M. montefiorense is SGM that was first described in 2003 based on strains isolated from moray eels.[65] 16S rRNA sequence analysis shows that M. montefiorense is most closely related to M. triplex, an opportunistic human pathogen.[65] Information about this species is very limited, but so far, it has been isolated from environmental sources such as water, sludge, fish tanks, and animal tissues.[66] Its clinical relevance to humans is not yet known. We suggest that there should be an urgent mechanism for monitoring and scrutinizing NTMs within the country. Samples of this patient are reserved in the Gene-bank of NRL TB for further study. Based on geographical information system distribution, our result showed a new appearance of RGM and SGM in five (Golestan, Mazandaran, Hamedan, Kohgiluyeh and Boyer-Ahmad, and Qom) and two (Gilan and Chaharmahal and Bakhtiari) provinces of Iran, respectively. We had no pulmonary infection reports from these regions before the COVID-19 pandemic. The pulmonary sample collection in larger number is going on to understand the reasons behind these changes within these provinces of Iran.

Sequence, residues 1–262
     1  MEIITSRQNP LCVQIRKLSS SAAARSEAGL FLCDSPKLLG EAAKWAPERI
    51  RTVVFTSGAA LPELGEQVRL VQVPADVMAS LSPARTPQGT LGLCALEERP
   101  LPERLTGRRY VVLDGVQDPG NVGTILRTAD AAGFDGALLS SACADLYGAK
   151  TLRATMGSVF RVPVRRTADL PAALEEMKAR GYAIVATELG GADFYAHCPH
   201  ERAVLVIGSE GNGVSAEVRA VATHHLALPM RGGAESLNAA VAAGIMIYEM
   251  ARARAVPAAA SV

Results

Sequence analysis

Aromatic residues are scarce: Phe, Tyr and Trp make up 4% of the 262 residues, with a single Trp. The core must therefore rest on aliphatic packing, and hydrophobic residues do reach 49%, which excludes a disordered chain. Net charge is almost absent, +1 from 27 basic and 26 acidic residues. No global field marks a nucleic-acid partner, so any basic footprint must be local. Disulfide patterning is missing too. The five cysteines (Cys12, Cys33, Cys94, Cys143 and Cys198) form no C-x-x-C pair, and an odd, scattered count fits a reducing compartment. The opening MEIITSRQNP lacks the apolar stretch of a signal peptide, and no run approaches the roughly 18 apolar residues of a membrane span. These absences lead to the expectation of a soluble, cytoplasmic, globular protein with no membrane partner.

Conclusions Top


As long as the whole focus of society is on the COVID-19 pandemic, we had missed the raises of other infectious diseases like opportunistic NTM infections. If the health-care systems continue to ignore the NTM, a new clinical challenge with significant morbidity and mortality is expected. Our results emphasize the potential importance of NTMs and its frequency across the country. Finally, the results of the present study underline the need to establish more specialized centers for NTM detection. In addition, comprehensive research is essential to increase our understanding of how to best detect, treat, and control opportunistic NTM infections. Because NRL TB is a reference center for TB and NTM in the country, the data we presented in this study are related to samples of patients coming from various provinces of Iran and/or positive culture that send to the center for identification and susceptibility testing. In many cases, we could not perform the follow-up of patients and due to incomplete baseline information like NTM coinfection with COVID-19, results relate to COVID-19 and NTM infection, could not be presented for all patients.

Limitation of study

There was limitation in transporting the specimens during the COVID-19 within TB laboratory net works.

Ethical clearance

The study was approved by the institutional Ethics Committee of NRITLD, Shahid Beheshti University of Medical Sciences, Tehran, Iran (IR.SBMU.NRITLD.REC.1400.020).

Financial support and sponsorship

Nil.

Conflicts of interest

There are no conflicts of interest.